According to the World Bank, nearly 22 percent of India’s population was living in poverty in 2011. For many low-income families, children do not have access to school supplies, including books. Pratham Books created a solution to this issue through its Library-in-a-Classroom (LIC) initiative. The LIC is a portable bookshelf that schools can hang on a wall and can hold over 100 books. Though the LIC does not have rows upon rows of shelves, it does provide children with a library-like atmosphere and inspires them to read.

StoryWeaver and Digital Books

According to the United Nations Educational, Scientific and Cultural Organization, 40 percent of the world lacks access to education in a language they can understand. Aside from print books, Pratham Books also supplies children with digital storybooks through its digital platform, StoryWeaver. With over 15,000 stories in nearly 200 languages, StoryWeaver is not only a place where children can read and learn but also create, translate and download content for free. In an interview with The Economic Times, Chairperson, Suzanne Singh, stated that with nearly 400,000 users on StoryWeaver, the company’s “readership…has grown outside India.” People as far as African and Canada explore StoryWeaver’s rich content while supporting a good cause.

“A Book in Every Child’s Hand”

From 2017-2018, Pratham Books shared nearly 1.5 million books across India. Through the assistance of its partners, Pratham Books also established 300 libraries in government schools. That same year, the nonprofit publisher’s Donate-a-Book campaign was able to provide 45,000 children with access to a library. Pratham Books has recently released PhoneStories, granting children access to its stories while on the go.

Through Pratham Books, thousands of children now have access to books in school and their language. With more and more young children introduced to reading, the youth literacy rate in India continues to increase. The nonprofit publisher may have begun in India, but it is greatly impacting the world and empowering children.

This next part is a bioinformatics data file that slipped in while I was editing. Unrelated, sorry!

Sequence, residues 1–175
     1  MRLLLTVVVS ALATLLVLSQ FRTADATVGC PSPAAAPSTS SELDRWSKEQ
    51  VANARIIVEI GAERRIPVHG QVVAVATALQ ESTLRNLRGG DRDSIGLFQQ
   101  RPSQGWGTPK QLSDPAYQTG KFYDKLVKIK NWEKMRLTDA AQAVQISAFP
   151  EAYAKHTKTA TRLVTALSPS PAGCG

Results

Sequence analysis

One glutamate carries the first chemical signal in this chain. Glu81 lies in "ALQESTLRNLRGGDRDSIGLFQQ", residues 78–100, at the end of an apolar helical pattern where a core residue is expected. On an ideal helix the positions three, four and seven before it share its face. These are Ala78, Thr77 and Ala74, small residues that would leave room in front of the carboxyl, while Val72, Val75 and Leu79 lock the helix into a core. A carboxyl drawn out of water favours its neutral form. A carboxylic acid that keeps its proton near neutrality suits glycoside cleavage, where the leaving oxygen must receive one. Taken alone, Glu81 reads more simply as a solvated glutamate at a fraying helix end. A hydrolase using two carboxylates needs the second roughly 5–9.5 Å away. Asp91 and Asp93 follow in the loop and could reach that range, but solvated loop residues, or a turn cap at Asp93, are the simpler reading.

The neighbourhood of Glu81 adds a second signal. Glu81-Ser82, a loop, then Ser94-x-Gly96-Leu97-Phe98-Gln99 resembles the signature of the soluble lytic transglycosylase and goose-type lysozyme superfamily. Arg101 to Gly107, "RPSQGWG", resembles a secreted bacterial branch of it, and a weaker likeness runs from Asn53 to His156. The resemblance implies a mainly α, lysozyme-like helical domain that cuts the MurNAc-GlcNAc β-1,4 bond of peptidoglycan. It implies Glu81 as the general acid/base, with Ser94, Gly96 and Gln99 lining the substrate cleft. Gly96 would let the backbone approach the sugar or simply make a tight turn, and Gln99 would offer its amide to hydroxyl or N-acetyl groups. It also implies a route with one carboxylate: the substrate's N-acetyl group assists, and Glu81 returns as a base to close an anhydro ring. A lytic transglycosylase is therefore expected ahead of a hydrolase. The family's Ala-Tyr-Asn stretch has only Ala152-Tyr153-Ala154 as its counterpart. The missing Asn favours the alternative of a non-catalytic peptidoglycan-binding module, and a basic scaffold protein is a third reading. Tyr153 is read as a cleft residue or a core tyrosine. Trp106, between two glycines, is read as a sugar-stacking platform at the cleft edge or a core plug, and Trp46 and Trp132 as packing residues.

– Emily Beaver
Photo: Flickr

Novels About Global PovertyBeing a teenager is hard no matter what situation you live in. But these authors have written novels about global poverty, following young protagonists who deal with poverty with wit, humor and compassion. So the next time you’re at your local library or bookstore, pick up one of the following titles.

5 Young Adult Novels About Global Poverty

  1. Princess Academy by Shannon Hale
    This book won a 2006 Newberry Honor for its outstanding contribution to children’s literature. It follows 14-year-old Miri, named for the fictional miri flower that grows between cracks of linder stones. When it is foretold the next princess will come from Miri’s small mountain village, all teenage girls are forced to attend school for the first time in their lives. With newfound knowledge of diplomacy, reading and commerce, Miri and the other girls are able to negotiate a better life for themselves and their families.
  2. Trash by Andy Mulligan
    Based on the author’s experience teaching in the Philippines, this story takes place in a not-so-distant future. Three “dumpsite boys” are picking trash when they find something truly special—a wallet and a key. Their decision to keep the items sends them through a tangled web of government corruption. Now, they must use all of their wit to stay one step ahead of their pursuers and right a terrible wrong.
  3. No and Me by Delphine de Vignan
    After winning the prestigious Bookseller’s Prize in France as an adult novel, this book has been translated into English and rebranded as young adult fiction. The story features 13-year-old Lou Bertignac, a very intelligent Parisian girl with a strained home life. While watching people at the Austerlitz train station, Lou meets No, an 18-year-old homeless girl. The two develop a friendship that starts as a school project but soon becomes genuine. When Lou asks her family if No can live with them, it has far-reaching effects on both No and Lou’s family.
  4. Street Dreams by Tama Wise
    On the first page of this book, Tyson Rua, a high school dropout living in South Auckland, falls in love at first sight—with a man. Inspired by author Tama Wise’s experiences growing up Māori and LBGT+ in New Zealand, this book follows Tyson’s pursuit of “the white homeboy.” Although he works as a dishwasher to support his mother and two younger brothers, Tyson loves hip-hop and graffiti art. He joins a crew of street artists, who subject him to homophobic slurs, and ventures from his poor Māori community into the almost all white gay scene. Tyson’s coming-of-age story is a challenge of balancing race, sexuality and poverty—a rarity in young adult fiction.